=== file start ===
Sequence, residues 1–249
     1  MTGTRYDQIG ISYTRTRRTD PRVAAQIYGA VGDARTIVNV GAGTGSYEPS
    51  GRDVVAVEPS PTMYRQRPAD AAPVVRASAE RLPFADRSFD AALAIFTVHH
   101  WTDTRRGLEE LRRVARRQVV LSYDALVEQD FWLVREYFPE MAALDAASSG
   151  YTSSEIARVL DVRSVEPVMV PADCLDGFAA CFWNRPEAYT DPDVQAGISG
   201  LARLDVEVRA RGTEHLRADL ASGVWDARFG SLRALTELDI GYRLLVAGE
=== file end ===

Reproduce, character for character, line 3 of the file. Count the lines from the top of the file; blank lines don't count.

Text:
    51  GRDVVAVEPS PTMYRQRPAD AAPVVRASAE RLPFADRSFD AALAIFTVHH